Remember that controversial California autographed-memorabilia law that was set to require certificates of authenticity for any autographed goods—including autographed books? Although some contended that the law as written would actually not have affected most bookstores, it nonetheless sparked a First Amendment lawsuit by a California bookstore and an activist law firm.
Now bookstores no longer need to worry. Publishers Weekly reports that California governor Jerry Brown has signed a bill to declare books exempt from that legislation. As a result, Book Passage owner Bill Petrocelli and the Pacific Legal Foundation have dropped their lawsuit.
It’s not clear that the lawsuit necessarily helped passage of the bill—a comment on the PW article asserts that the bill had been drafted months before the lawsuit was filed, and that Petrocelli actually campaigned against the bill because he felt it didn’t benefit him enough. In any case, California bookstores that deal in autographed books can now breathe a sigh of relief and go back to business as usual.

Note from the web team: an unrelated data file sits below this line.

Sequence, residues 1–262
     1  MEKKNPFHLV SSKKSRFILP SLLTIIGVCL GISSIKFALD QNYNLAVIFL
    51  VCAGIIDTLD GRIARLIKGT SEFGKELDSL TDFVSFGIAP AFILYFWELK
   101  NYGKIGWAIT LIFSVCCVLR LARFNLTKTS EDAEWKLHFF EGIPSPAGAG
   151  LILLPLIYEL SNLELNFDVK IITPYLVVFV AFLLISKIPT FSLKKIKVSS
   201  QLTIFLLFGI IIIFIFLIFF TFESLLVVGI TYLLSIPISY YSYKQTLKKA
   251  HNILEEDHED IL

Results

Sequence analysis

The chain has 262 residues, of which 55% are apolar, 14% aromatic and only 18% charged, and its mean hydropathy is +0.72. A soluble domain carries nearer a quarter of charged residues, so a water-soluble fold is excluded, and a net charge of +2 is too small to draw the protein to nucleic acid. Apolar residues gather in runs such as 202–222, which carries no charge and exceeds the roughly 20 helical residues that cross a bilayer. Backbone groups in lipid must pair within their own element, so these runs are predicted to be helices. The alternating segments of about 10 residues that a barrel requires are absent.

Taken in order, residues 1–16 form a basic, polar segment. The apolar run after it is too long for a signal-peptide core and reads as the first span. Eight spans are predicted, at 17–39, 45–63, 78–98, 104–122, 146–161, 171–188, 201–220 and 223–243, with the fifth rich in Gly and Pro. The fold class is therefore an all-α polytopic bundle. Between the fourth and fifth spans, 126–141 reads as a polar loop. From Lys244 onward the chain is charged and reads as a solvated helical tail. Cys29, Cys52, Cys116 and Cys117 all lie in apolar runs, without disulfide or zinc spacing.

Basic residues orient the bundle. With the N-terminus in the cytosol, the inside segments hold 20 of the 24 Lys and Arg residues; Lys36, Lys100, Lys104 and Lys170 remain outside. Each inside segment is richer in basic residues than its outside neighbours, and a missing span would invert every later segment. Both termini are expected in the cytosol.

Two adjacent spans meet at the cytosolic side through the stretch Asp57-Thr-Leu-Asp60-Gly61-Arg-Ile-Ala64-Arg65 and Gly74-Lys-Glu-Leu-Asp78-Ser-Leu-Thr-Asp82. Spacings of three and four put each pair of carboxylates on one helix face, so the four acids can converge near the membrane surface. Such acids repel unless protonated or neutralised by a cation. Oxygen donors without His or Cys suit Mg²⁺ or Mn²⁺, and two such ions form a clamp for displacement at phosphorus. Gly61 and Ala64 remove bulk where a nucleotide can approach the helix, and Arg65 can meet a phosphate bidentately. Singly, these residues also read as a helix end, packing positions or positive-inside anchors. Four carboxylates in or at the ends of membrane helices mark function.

Quote: In any case, California bookstores that deal in autographed books can now breathe a sigh of relief and go back to business as usual.
Yeah, that is until the next bit of madness that might impact them starts moving through the California legislature.
More and more, California is playing the same role that tonsils play in our body. The latter hangs in our airflow, inviting infection for a reason. Infected first, it give our body early warning of an infection that, if it took off first in our lungs, might kill us.
California is our early warning for stupid legislation. It passes or almost passes insane laws, giving other states an early warning.